So, how high should the TV be mounted? Start by determining your eye level sitting down. The viewing angle to the TV should be no more than 30 degrees. Okay, I won’t make you do math. According to Dynamic Mounting, “As a general rule, a 42” TVs should be mounted about 56” from the floor to the TV center”.
Transom windows are a great tool to add light and interest to a room – just not every room! I love it in the dining room or in the study. But let’s leave it out of the bedroom – unless you don’t want anyone to sleep-in (even then, it’s just cruel). Adding window shades to these windows is cumbersome. Instead, adding windows on either side of the bed (Kay Green likes them 7’ apart) is a more elegant solution that allows window shades.
These faucets mounted behind the cooking surface sound great for filling up a giant pot with water so you don’t have to carry it across the room. But it really doesn’t solve the issue of hauling a heavy boiling hot pot of pasta to the sink to empty. And what happens if the facet starts to drip? Where does the water go? If this happens while you aren’t home, it will collect in the stove, the floor, or even the walls. Sure, you can argue that a pot filler is a luxury item, but I would argue that having another appliance to wipe grease off (like open shelving) is not very luxurious!
Furthermore, if you want to splurge in the kitchen, I would suggest a second sink before going with a pot filler. At least that will drain properly!
Too Many Minis
There is a recent lighting trend with clusters of mini pendant fixtures. Done well, they create a very elegant and ethereal look. My favorite example of this is the Converse Shoe headquarters in Boston. Obviously, budget was less of a concern here.
But often, what’s not considered is how these lights mount. The ceiling can start to look unsightly, covered in holes and pimples if you are not careful. Or they come with a big ugly mounting plate that doesn’t match the ceiling color, ruining the effect. Perhaps the obsession with “Statement Lighting” needs to be reined in a bit. Lita Dirks sums it up perfectly: “If every single light in a space is a ‘statement’, then you really aren’t making a statement at all.”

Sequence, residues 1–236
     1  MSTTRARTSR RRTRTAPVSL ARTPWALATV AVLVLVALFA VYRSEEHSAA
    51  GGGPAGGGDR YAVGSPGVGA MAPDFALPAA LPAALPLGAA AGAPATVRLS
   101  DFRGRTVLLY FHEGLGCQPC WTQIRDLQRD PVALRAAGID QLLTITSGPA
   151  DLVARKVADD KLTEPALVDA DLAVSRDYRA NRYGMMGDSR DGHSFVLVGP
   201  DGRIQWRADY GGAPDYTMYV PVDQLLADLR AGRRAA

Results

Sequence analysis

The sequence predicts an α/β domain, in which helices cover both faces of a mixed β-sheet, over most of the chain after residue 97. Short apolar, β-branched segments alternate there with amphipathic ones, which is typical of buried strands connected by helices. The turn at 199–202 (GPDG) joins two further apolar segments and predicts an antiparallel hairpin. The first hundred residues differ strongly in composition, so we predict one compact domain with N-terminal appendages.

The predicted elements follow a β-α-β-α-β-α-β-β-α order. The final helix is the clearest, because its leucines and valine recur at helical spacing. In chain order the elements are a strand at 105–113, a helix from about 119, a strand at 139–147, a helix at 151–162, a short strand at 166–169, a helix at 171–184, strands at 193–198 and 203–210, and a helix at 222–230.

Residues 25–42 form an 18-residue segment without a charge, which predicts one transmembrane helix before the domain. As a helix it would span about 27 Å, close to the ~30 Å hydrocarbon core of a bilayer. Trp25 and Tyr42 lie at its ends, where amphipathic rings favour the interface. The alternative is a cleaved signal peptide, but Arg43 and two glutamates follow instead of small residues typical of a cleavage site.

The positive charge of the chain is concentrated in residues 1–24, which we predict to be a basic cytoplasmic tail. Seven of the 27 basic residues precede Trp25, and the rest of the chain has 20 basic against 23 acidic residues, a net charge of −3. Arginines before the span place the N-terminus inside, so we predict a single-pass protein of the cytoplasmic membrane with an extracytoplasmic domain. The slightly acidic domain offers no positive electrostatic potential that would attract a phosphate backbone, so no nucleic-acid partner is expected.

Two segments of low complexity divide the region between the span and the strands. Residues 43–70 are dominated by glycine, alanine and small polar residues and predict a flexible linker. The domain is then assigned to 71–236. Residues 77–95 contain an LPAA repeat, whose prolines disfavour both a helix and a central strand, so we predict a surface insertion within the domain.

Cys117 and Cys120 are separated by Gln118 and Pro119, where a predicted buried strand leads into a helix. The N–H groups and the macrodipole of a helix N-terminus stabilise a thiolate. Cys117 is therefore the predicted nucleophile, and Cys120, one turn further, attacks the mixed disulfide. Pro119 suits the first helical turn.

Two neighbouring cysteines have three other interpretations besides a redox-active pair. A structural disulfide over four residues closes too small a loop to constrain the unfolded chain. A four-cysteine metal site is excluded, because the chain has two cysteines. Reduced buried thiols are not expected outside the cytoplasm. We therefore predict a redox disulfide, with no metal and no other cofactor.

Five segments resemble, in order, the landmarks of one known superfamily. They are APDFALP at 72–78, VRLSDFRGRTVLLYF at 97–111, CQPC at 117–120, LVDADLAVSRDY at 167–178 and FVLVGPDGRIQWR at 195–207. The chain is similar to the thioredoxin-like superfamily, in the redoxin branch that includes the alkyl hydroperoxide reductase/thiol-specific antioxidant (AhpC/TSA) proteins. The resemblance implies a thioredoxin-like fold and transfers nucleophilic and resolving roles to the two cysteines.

Wine Displays Without Ventilation
Wine is such a power draw with Boomers and Millennials. However, putting your wine behind glass can be a very expensive mistake if someone actually intends to drink the wine on display. Keep in mind, heat is the enemy of wine. Displaying wine under lights and behind glass will undoubtedly cook the wine if you don’t have a way to cool that space.
I know the idea is to create the illusion of an expensive built-in wine cooler, but too often the cooling feature is forgotten or cut from the budget. If you’re not going to add an air condition vent or individual cooling, you’re better off omitting the glass or using a metal gate.
Trends in Moderation
At the end of the day, trends sell homes and are a powerful tool to bring in the home buyers, so we shouldn’t shy away from implementing them - but a little goes a long way. I believe the lesson here is to stop and think through the installation, application and functionality of the current “thing” before slapping ship-lap on every wall. Oops, forgot that one!